4. Seated cable row Sit on a low cable pulley machine with feet on pads and knees slightly bent. Grasp handles, palms in, arms extended and torso slightly forward [A]. Bend elbows to bring handles toward belly [B]. Straighten arms to starting position and do reps. Weight range: 20–60 pounds. Free-weight alternative: Bent-Over Row. Stand in a lunge position, right foot in front, facing the rear of a high-backed chair. Hold a 5- to 8-pound dumbbell in left hand, arm hanging down, palm facing in. Place right forearm across top of chair. Lean forward until back is at a 45- to 60-degree angle. Bend left elbow up. Straighten arm and repeat for reps; then switch arms. Strengthens back, biceps and shoulders.

5. High row Sit on a low cable pulley machine with a short bar attached, placing feet on foot pad and bending knees slightly. Lean forward, grasping the bar with an overhand grip, hands shoulder-width apart. Then sit erect, arms extended but not locked [A]. Keeping back erect, elbows wide and wrists straight, squeeze shoulder blades together and then bend elbows to bring bar toward your upper rib cage [B]. Straighten arms to starting position. Weight range: 20–50 pounds.

Free-weight alternative: Begin in same position as the alternative exercise No. 4, but with left palm facing the rear instead of in. Contract upper-back muscles and bend left elbow out and up until it's even with your shoulder. In final position, forearm will be vertical and knuckles down. Lower, repeat for reps, and then switch sides. Strengthens upper and middle back, rear shoulders.

6. Vertical pec dec Sit on a vertical pec dec machine, knees bent, feet flat on floor. Contract abs to keep back against pad. With forearms against pads, open arms to feel a mild stretch, about 45 degrees [A]. Press pads together [B]. Return to starting position. Weight range: 20–50 pounds. Free-weight alternative: Incline Fly. Sit on a high-backed chair at a 45-degree angle, knees bent, feet flat on floor. Hold a 5- to 15-pound dumbbell in each hand above midchest, palms facing in. With back supported, lower arms down and out until elbows are even with shoulders, wrists straight. Return to starting position; repeat. Strengthens chest and front shoulders.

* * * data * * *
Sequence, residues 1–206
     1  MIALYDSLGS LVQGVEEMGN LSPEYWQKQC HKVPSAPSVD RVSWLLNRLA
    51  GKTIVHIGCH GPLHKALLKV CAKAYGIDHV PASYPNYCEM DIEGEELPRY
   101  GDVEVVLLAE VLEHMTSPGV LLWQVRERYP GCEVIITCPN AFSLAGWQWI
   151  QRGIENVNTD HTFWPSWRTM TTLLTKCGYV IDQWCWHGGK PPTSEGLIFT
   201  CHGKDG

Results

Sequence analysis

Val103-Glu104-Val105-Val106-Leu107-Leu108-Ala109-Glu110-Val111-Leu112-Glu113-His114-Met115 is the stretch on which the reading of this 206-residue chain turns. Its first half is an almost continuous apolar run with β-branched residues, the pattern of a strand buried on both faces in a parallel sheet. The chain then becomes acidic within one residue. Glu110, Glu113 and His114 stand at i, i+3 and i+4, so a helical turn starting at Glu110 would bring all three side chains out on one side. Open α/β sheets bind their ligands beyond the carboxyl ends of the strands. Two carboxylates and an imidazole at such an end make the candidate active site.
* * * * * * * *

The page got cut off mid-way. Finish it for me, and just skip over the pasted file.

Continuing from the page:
7. Seated overhead press Sit on a shoulder press machine with the seat and seat back adjusted so the vertical hand bars are at shoulder height and just in front of your shoulders. Place feet flat on floor with knees bent, contract your abdominals and relax your shoulders; elbows should point to floor [A]. Press hand bars upward, straightening arms but not locking elbows. Keep wrists straight throughout the move [B]. Lower without lifting shoulders. Weight range: 20–40 pounds. Free-weight alternative: Sit on edge of a weight bench or high-backed chair with knees bent and feet flat on floor. Hold a 5- to 8-pound dumbbell in each hand, elbows bent so forearms are vertical, palms facing in. Squeeze shoulder blades and press upward by straightening arms overhead; don't lock elbows. Lower and repeat. As pregnancy progresses, sit all the way back in the chair. Strengthens shoulders and upper back.

8. Triceps pressdown Attach a straight bar to a high pulley cable. Stand with feet separated hip-width apart, legs straight but knees not locked. Hold bar with overhand grip, elbows close to waist, forearms parallel to floor [A]. Maintain arm position and press bar down toward thighs without locking elbows [B]. Return to starting position and repeat. Weight range: 10–40 pounds. Free-weight alternative: Triceps Extension. Hold a dumbbell in left hand and face the rear of an incline bench, adjusted to chest height, or a high-backed chair. Place right hand atop the support. Lean forward from hips until you're at a 45-degree angle, left arm hanging toward floor. Squeeze shoulder blades together, and then bend elbow up to waist. Maintaining that position, straighten arm and extend it behind you. Bend elbow and return to start; repeat for reps. Switch feet and hands and repeat with right arm. Strengthens triceps.